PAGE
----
Successful Financial Planning

Written by: Virginia Cooper at learnaliving.co


For many young families, navigating financial planning can be a tough process. There are countless additional expenses that come with starting a family, which is why it’s important to create a budget and establish good habits. You can start now by setting aside money for different future needs, including buying a home, college tuition, and retirement. With solid saving and spending habits, you can ensure your family develops a strong financial foundation. College of Hope offers the following guidance for young families who need help with their finances.


Making a Plan


Managing finances often feel much more stressful without a plan. Luckily, there are many ways to establish a family budget, whether it’s working with a financial advisor or using budgeting software that tracks transactions and helps identify spending trends.



One great technique when making a budget is to create spending buckets. Start by setting up different bank accounts for different purposes, and set up your salary to go into each of the buckets you create. As an example, you can set up a savings account, one checking account for fixed monthly costs, and a second checking account for entertainment and dining out. By differentiating these accounts, you’ll be able to track your spending more effectively.


Eliminate Debt



Paying off debt can be one of the more challenging aspects of financial planning. As you make a plan for tackling debt, first focus on paying off the credit card or loan that carries the highest interest rate. For example, a credit card with a 25 percent interest rate should be prioritized over a subsidized student loan.

Additionally, and if you can, pay more than the minimum balance each month. Use salary bonuses or other additional income to help pay off your debt, and consider reducing your lines of credit as you pay them off. To help you stay on track and maintain motivation, write down your debt-eliminating strategy and record your progress in an app or in a personal financial journal to watch your debts shrink.


A key piece in your debt elimination process should be establishing an emergency fund. For starters, you should set aside $1,000 to cover any unexpected issues that arise, like a car repair or appliance replacement. Once you have that covered and have enough elbow room in your budget, amass three to six months of your salary in savings, per Smart About Money. This amount is to help you through ongoing troubled times, such as a major illness or job loss.


Lastly, depending on your situation, you might want to consider a debt consolidation program. As Nerd Wallet explains, this makes sense if your credit history is strong enough to qualify for a low-interest loan or credit card that will absorb your debts. It should also reduce your monthly payment and/or the amount of interest you pay. You should only enact a debt consolidation plan if you can maintain the discipline to not accumulate fresh debt. Also, keep in mind that it’s best to avoid using secured debt to pay for unsecured debt (ie, avoid risking your home by refinancing it in order to pay off credit card debt).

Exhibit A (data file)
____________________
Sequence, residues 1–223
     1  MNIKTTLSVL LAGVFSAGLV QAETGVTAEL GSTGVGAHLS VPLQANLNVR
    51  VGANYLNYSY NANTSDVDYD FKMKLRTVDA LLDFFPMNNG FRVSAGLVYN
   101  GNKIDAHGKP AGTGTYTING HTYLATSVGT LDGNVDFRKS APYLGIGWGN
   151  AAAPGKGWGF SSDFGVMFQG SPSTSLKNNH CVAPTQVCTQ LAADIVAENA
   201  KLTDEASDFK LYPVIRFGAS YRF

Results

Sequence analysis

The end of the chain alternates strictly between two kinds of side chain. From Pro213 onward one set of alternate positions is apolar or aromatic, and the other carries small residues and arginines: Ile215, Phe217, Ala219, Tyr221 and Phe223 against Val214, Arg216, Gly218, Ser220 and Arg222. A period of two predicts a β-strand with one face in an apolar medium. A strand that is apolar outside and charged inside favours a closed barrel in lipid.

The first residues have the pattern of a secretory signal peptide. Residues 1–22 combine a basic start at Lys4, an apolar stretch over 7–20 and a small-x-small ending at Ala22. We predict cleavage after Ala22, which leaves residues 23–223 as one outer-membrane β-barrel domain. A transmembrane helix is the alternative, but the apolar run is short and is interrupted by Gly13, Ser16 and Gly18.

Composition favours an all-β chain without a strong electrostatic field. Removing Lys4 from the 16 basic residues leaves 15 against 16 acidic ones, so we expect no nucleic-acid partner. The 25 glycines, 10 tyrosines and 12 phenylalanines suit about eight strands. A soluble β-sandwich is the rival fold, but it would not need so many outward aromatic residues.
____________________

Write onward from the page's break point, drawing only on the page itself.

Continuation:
Savings


For young families, saving money is vital. When you create your budget, determine what types of savings you’ll need. For example, you may want to set up different savings accounts depending on your goals for the future.


Saving for a first home is often a top goal for young families. Buying a home is a tried and true way to build your assets, and is a cornerstone of the American dream. In an ideal world, buyers have a sizable down payment saved up to help secure a low interest rate and a lower mortgage payment, but not everyone can save the 20% required for most conventional loans. Fortunately, there are several loan programs available with lower down payment requirements, or no down payment if you’re a veteran. If buying a home is at the top of your list, saving and planning for what you can afford is the first step to achieving this dream. Just remember, the more money you can save up for your down payment, the better your terms will be.


In addition to saving for a home, if you want to help your children attend university, setting up a college tuition fund early on is a great idea. However, if your savings capacity is limited, you should prioritize setting up an emergency fund that can cover unexpected costs such as home repairs or medical bills. Other important savings goals for young families include retirement funds and rainy day funds to pay for expenses such as car repairs or vet bills.


If you’re finding it hard to save money each month, you may want to research a few savings tips. One great way to save money each week is by planning your meals and avoiding eating out. You can also invest in reusable items such as buying washable cloths instead of paper towels. Buy second-hand goods where you can — used clothing is great for kids as they grow, and recreational gear such as bikes can usually be found online or through community forums.


As you start the process of financial planning, take a hard look at your spending habits and use budgeting applications to help you. Focus on eliminating debt, and prioritize paying off accounts with the highest interest rates. Set up savings accounts for buying a home, retirement, emergencies, and college tuition. By establishing a solid financial plan now, you’re paving the way for a bright financial future.



The College of Hope is dedicated to helping individuals and families build the skills they need to live their best lives. For more information, please visit our website.


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